Friday 9 September 2016

Fast fashion: what a shame

When I first started to explore Ecopsychology, I read Andy Fisher's chapter on capitalism, and the sense of shame it sometimes creates within people.  The upshot of the argument was really about our belief in the need to purchase more, in a  quest for deeper happiness.  Since then, I've learned about how we shop because we aspire to be different in some way.  And sometimes we shop out of a search for identity.

Naomi Klein's book, No Logo, showed how capitalism had gone onto the streets, sports fields or even coffee bars in a quest to convince us that a product could make us cooler, fitter, more intellectual, or quite simply more creative than we actually are.  Branding sought to convince us that it's the product which does the true work, and we are given that extra sense of capability by the products we purchase.

No Logo also looked at the costs of those products.  The factories, sweat shops and exploitation which came from cheap manufacturing.  I've also read about the wars, oil spills, deforestation and toxins dispersed into both the air and the water through dyes, toxic fumes and poisons which go into creating them.  The sprays, insecticides, fibre residues, and the overall impacts of transporting products makes costs to the environment huge.

Reading No Logo lead to Overdressed: The Shockingly High Cost of Cheap Fashion by Elizabeth Cline.  This book speaks of those ways that trendiness and, sometimes, lack of quality, leads to a perception that clothing is disposable, and that by buying regularly and changing our clothing frequently (very often donating the items we reject from season to season) we are merely expressing ourselves, with no harm done.  Cline focuses on fast fashion outlets such as H&M, and on our unwillingness to spend money on clothing which will last.  Although H&M are now offering the opportunity to recycle old clothing, this is still with the intention of making new purchases, and from a fast fashion shop.  By continually following trends, rather than developing a sense of personal (and consistent) style, customers are constantly making purchases based on the whim of buyers, merchandisers and (multi) seasonal trends.

I was astounded by how deeply we've bought into the belief that fashion should constantly shift and change when I read an article on the closure of a clothing group in Cape Town.  I used to buy from a shop which formed part of this group.   I also like many South African designers  and I'm hoping they are able to keep working.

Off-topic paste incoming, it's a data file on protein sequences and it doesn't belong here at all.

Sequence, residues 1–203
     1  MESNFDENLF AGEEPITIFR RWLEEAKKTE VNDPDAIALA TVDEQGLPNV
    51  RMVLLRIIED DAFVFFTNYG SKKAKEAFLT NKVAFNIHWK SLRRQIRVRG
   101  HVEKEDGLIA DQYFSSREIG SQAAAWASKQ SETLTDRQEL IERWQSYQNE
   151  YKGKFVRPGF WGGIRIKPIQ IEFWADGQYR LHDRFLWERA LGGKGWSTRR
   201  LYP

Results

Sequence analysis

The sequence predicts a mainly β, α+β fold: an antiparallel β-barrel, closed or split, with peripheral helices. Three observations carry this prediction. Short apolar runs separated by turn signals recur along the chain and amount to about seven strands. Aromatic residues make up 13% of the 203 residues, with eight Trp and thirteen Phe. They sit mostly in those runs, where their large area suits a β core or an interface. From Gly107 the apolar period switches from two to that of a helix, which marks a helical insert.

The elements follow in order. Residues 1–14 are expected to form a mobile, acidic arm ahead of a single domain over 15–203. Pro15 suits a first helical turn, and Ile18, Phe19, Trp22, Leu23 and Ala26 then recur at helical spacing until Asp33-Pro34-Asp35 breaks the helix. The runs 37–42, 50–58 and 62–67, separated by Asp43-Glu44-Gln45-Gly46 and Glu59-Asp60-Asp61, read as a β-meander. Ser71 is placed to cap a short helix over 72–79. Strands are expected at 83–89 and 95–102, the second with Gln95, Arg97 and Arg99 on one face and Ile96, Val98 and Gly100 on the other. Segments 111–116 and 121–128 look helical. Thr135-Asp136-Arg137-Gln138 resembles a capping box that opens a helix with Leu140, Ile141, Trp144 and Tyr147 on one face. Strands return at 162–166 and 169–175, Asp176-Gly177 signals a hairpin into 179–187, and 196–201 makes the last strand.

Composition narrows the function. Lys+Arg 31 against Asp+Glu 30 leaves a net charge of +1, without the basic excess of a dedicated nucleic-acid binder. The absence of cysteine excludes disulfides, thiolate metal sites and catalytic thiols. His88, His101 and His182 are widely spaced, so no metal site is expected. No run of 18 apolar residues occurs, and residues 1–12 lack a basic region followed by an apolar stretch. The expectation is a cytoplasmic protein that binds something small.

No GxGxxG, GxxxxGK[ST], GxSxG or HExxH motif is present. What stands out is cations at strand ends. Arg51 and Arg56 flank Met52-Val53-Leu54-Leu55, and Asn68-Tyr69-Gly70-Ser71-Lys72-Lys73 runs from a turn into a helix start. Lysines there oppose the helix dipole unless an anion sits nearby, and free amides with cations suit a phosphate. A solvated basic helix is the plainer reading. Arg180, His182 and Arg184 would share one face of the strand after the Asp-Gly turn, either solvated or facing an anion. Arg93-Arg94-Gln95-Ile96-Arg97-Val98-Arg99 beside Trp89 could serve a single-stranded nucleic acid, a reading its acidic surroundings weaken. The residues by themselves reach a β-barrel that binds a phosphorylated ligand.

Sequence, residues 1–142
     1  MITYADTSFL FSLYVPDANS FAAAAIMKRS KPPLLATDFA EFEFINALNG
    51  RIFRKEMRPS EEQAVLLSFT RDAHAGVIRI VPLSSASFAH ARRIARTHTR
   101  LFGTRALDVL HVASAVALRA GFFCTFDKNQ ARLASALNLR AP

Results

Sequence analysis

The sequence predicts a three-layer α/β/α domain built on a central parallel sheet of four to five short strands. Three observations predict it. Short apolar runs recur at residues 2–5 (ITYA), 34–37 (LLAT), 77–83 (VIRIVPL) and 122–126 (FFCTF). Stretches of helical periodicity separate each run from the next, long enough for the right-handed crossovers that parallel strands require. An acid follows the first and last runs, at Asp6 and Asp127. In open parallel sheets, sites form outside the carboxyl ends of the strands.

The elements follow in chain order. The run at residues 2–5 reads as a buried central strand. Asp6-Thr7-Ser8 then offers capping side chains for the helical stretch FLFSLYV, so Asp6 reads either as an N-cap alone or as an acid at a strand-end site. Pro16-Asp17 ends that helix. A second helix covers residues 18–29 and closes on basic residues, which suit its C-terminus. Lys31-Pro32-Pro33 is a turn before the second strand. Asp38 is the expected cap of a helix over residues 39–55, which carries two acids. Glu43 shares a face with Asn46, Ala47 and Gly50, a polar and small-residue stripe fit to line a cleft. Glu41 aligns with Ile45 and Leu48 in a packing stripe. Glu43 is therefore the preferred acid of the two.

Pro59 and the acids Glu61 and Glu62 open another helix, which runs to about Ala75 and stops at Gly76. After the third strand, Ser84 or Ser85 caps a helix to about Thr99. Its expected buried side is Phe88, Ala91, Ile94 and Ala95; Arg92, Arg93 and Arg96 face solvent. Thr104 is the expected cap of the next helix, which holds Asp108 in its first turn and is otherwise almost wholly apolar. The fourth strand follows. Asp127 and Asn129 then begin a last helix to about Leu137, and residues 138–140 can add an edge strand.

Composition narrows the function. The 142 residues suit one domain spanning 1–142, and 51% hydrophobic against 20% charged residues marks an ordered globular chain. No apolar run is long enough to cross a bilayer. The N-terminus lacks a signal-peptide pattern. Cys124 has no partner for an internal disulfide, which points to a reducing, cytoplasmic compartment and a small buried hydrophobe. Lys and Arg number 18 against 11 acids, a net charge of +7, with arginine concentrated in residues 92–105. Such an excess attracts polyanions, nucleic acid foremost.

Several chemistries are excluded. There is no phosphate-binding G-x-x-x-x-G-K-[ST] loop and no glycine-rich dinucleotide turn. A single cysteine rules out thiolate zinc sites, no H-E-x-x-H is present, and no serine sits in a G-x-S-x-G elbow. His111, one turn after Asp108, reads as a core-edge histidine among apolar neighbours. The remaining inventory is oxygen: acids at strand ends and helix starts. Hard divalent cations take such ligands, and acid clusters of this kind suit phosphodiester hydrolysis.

Last year, the shop closed down, and I wondered why.  Then a business day article explained that the shop hadn't managed to keep turnover up.  New fast fashion outlets, and some of our local shops, with  a faster style turnover had made the shop 'irrelevant' said an independent consultant.  The shops had battled to purchase new stock.  This consultant also said that the styles were 'outdated'.  Nobody is really interested in the 'white linen dress' or striped top when trends change so rapidly, he shared.

I was sad to read this.  I'm not very aware of trends.   But I've always been of the opinion that women who have their own flair stand out most.  That doesn't mean adhering firmly to a certain look, shop or merchandiser.  It's just that the person behind the clothes, and the combinations s/he makes are more interesting to me than the trends of the moment.  I'm not particularly great at styling, but I do appreciate this ability in others.   And I was astounded by the belief that good quality 'classic' style is irrelevant to modern day customers.

I'm also astounded at how the so - called 'look of the moment' and the ability to fit in with this is held up as some sort of achievement.  I remember being on holiday one rainy weekend, and sitting inside with my daughter and watching one of those makeover shows.  I really do believe that stylists who help people find a good fit, or get proportions right can make a big difference.  But in the show I was watching, the make-over gurus were pretty much about obliterating the personal (70s bohemian) style of the client.  Instead of helping the woman to add new touches or update what she'd done for so long, the stylist humiliated this woman by declaring she'd never get promoted or achieve anything by presenting herself in the way she did.  She then dressed the woman in some generic and trendy clothing, and declared her cured of whatever style ills she'd wandered onto the program with.  I personally thought the client looked better before she'd met the style consultant.  She certainly didn't look like she was about to burst into tears.  

I wonder why we think it's okay to humiliate people for being either 'out of date' or 'too trendy' and why we allow a couple of global brands, merchandisers or buyers to tell us how to express ourselves. If we are to work towards re-forming our awareness of environmental rights, perhaps it begins with re-forming or at least questioning why we allow ourselves to be dictated to by so-called experts.  What is so wrong with our own ideas on life, the environment, or fashion?  Why should we feel ashamed if we stand out, show a sense of individuality or refuse to buy into a culture which exploits both the environment and our humanity in a quest to make a new sale?

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